Volunteers leave indelible mark on new home for Md. disabled veteran

A volunteer signs the unfinished wall of what will become the Avila family's new home on Monday, June 6, 2016. The home is being built with help from the Gary Sinise Foundation's RISE program, (Restoring Independence, Supporting Empowerment), to give Army veteran Luis Avila, who was injured in 2011, the ability to easily move around his own home. He is an amputee and now needs a wheelchair. (WTOP/Kate Ryan)
Retired Marine Col. Jerry Driscoll signs an unfinished wall inside the Avila family home in Chevy Chase, Maryland. The home is being built with help from the Gary Sinise Foundation's RISE program, (Restoring Independence, Supporting Empowerment), to give Army veteran Luis Avila, who was injured in 2011, the ability to easily move around his own home. Avila is an amputee and now needs a wheelchair. (WTOP/Kate Ryan)
A volunteer signs the unfinished wall of what will become the Avila family's new home on Monday, June 6, 2016. The home is being built with help from the Gary Sinise Foundation's RISE program, (Restoring Independence, Supporting Empowerment), to give Army veteran Luis Avila, who was injured in 2011, the ability to easily move around his own home. He is an amputee and now needs a wheelchair. (WTOP/Kate Ryan)
Claudia Avila laughs during an event to allow volunteers to sign well-wishes on her family's still under construction house in Chevy Chase, Maryland, on Monday, June 6, 2016. Ted Nettles, with the Patriot Guard, can be seen behind her. Avila's husband Luis was seriously injured in 2011 and the home will be built to give him maximum mobility. (WTOP/Kate Ryan)
Army veteran Luis Avila listens during a Wall of Honor ceremony Monday, June 6, 2016. The ceremony gave volunteers the chance to write messages to the Avila family inside the walls of their still-under-construction home in Chevy Chase. The home will be built to accommodate Luis' wheelchair. He was injured in 2011 by an improvised explosive device. (WTOP/Kate Ryan)
The bike of Ted Nettles, with the Patrior Guard and volunteer, sits outside a construction site in Chevy Chase, Maryland, on Monday, June 6, 2016. The site will eventually be the new home of the Avila family. The house will be specifically built to accomodate Army veteran Luis Avila's wheelchair. (WTOP/Kate Ryan)
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CHEVY CHASE, Md. — Military families know what it’s like to have to adapt to change.

Army Captain Luis Avila and his family have faced typical military changes, like moving 15 times during his career.

But when Avila was severely wounded by an improvised explosive device in December 2011, his family had to adapt to the damage it inflicted on his body. He had one leg amputated, suffered multiple strokes and now uses a wheelchair to get around.

His family has learned to navigate all the changes that new life has brought including managing simple things like running errands or going out.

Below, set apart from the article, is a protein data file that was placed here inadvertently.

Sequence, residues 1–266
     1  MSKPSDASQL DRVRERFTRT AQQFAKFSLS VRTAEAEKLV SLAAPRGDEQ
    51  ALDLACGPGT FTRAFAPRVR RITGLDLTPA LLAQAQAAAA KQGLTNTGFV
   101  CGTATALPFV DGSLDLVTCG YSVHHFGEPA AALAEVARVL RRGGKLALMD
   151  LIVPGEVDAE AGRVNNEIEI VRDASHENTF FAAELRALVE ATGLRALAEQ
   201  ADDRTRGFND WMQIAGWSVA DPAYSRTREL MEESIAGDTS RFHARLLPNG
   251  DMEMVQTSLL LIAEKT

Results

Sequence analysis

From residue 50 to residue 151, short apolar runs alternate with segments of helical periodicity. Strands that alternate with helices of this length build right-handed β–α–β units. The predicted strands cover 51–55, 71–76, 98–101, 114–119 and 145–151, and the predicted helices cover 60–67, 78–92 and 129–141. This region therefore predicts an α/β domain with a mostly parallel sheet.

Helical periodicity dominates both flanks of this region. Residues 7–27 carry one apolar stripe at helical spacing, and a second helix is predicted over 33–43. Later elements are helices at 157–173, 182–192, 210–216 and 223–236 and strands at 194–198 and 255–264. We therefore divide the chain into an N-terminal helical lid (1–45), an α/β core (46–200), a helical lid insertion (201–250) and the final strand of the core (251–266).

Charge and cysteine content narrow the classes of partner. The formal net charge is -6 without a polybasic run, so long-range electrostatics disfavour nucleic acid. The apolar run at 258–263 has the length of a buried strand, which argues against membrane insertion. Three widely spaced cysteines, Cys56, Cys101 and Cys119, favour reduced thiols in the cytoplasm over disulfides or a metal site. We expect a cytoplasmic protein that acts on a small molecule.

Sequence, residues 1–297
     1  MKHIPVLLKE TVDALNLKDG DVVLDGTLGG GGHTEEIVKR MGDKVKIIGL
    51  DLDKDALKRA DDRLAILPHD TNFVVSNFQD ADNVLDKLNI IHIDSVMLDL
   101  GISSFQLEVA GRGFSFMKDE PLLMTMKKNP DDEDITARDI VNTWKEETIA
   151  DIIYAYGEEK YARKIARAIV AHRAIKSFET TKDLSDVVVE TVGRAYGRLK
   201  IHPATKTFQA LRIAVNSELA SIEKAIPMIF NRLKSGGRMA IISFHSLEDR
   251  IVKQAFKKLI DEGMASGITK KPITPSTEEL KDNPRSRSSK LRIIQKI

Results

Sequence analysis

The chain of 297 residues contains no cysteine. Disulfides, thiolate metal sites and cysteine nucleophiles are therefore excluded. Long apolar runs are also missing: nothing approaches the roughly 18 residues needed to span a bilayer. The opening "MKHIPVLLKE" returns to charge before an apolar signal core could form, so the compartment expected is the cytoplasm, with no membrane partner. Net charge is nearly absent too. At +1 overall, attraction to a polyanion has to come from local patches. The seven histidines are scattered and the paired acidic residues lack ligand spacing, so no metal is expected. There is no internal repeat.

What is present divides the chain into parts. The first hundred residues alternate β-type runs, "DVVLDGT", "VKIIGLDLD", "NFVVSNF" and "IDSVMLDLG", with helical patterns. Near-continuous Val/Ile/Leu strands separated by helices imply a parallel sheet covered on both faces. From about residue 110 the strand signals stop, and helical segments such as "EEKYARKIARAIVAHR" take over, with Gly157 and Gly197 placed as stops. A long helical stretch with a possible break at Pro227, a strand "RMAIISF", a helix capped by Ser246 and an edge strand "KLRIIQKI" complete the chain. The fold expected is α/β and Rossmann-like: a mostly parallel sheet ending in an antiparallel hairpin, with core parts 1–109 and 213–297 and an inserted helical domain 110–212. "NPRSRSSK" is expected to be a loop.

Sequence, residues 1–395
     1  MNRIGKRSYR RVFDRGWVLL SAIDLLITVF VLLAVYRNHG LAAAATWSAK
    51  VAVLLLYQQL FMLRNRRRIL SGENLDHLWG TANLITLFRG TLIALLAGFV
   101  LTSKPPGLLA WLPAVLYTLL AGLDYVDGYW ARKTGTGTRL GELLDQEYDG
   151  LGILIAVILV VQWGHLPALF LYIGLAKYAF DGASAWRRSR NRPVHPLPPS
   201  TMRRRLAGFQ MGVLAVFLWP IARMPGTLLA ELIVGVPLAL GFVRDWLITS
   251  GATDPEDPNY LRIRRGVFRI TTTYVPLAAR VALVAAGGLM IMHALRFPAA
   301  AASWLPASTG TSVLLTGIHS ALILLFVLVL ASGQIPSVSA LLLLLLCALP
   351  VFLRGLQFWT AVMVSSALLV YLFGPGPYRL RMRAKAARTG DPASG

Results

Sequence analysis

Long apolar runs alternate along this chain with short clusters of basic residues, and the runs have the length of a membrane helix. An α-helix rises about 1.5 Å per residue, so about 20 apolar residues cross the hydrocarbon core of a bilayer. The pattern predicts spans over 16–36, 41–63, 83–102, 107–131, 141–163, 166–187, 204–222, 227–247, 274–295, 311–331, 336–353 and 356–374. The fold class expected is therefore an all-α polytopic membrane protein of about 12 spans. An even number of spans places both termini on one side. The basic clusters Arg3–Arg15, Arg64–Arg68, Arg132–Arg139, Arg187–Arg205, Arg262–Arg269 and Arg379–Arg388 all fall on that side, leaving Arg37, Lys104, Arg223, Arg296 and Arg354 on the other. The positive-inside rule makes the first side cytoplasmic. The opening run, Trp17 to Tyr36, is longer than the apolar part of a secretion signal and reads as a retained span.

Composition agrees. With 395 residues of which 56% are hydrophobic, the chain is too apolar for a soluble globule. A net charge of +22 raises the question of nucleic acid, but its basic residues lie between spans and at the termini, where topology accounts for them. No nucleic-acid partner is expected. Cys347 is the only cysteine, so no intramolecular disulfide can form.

His wife, Claudia explains that every task requires advanced planning. She sounds a bit like a military logistics expert herself as she describes the lessons learned from finding that those “handicapped accessible” signs don’t always prove to be accurate. “Before we execute any movement, we call—verify—to make sure that it is accessible.”

But through the Gary Sinise Foundation’s RISE program, (Restoring Independence, Supporting Empowerment), the Avilas will be able to relax in their new home, knowing that it has been built to meet Luis’ specific needs. The Maryland home being built through the foundation—with a host of donors and sponsors—will come with features that will allow the veteran to do everyday tasks on his own.

Chris Kuban, with the Gary Sinise Foundation, said that the home includes features like an extra wide garage. The additional 6 feet of space will allow Luis to maneuver an automated ramp from the minivan to the garage floor.

Bathrooms will feature showers wide enough that Luis can roll right in. And the kitchen will include a refrigerator that’s easy to access from a wheelchair.

Kuban says many of the features can be controlled through a tablet computer.

“He can open up all the blinds with the click of a button, or control the HVAC system” through an automated setup.

Not all the features are automated; some offer only best wishes for laughter, joy and hope. But they leave an indelible mark.

On Monday, friends, volunteers and builders—many of whom have become friends to the Avila family—attended a Wall of Honor ceremony. Participants wrote messages on the unfinished interior walls using permanent marker.

“Home of the free Because of the BRAVE,” one message reads.

“Americans Helping Americans,” another said.

Ted Nettles, with the Patriot Guard, wrote “Behave!” – a nod to Luis Avila’s mischievous sense of humor — and signed it Papa Bear.

Nettles has worked as a volunteer on veteran’s issues in a number of capacities. And when the Avilas’ house is ready, he’ll stock the kitchen with dry goods and he’ll be there to hand over the keys.

“It’s very rewarding,” Nettles said of his work.

At Monday’s ceremony, it was time for Claudia Avila to say a few words. Tears soon welled up. She apologized, explaining they were really tears of joy.

In the years since her husband was first wounded, she said she’s formed many new families—all pitching in to help her own.

“We thank all of you, from the bottom of our hearts for the friendship, for the prayers, for the support and for just being you. We hope that one day we can continue to serve our community … Thank you, very much.”

Their new home is slated to be move-in-ready in November.

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